Via Mr. Tony Tsai, CEO – BHG Retail Innovation Institute and EVP Operations – The BJ Hualian Hypermarket Co.:
"This is an article written by Stephen Roach, chairman of Morgan Stanley Asia, which is posted on the website of the Financial Times. Its original title is "I've been an optimist on China. But I‘m starting to worry". On the surface, China appears to be leading the world from recession to recovery. After coming to a virtual standstill in late 2008, at least as measured quarter-to-quarter, economic growth accelerated sharply in spring 2009. A back-of-the envelope calculation suggests China may have accounted for as much as 2% of annualized growth in inflation-adjusted world output in the second quarter of 2009. With contractions moderating elsewhere, China's rebound may have been enough in and of itself to allow the global gross domestic product to eke out a small positive gain for the first time since last summer.That's the good news. The bad news is that China's recent growth spurt comes at a steep price. Fearful that its recent economic short- fall would deepen, Chinese policymakers have opted for quantity over quality in setting the macro-strategy, the centrepiece of which is an enormous surge in infrastructure spending funded by a burst of bank lending. A macro strategy that exacerbates troubling imbalances is ultimately a recipe for failure. In many respects, that's what the global crisis and the recession of 2008-09 are all about. China will not get special dispensation from the most critical lesson of this post-crisis era."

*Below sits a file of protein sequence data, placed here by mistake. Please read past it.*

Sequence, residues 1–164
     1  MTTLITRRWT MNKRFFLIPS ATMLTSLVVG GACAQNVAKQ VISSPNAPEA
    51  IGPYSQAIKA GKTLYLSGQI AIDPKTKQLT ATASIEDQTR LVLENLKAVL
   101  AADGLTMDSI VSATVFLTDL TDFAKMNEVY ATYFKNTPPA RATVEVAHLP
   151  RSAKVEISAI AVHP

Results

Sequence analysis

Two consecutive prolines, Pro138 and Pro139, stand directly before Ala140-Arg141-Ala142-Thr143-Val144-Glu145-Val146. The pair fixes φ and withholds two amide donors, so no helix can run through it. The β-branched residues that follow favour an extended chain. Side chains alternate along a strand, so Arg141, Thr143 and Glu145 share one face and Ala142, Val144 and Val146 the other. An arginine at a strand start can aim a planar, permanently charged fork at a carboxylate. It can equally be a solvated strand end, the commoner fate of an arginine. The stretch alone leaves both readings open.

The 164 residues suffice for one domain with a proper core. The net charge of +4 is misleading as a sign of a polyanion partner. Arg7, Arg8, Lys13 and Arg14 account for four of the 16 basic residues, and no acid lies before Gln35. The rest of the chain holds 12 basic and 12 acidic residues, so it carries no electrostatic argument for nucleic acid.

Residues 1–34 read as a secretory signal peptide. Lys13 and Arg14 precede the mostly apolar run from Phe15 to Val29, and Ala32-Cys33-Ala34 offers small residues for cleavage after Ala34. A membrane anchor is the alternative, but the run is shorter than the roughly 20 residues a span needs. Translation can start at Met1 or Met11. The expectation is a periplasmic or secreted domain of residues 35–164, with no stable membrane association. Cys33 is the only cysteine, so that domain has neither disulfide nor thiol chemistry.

See the complete article here.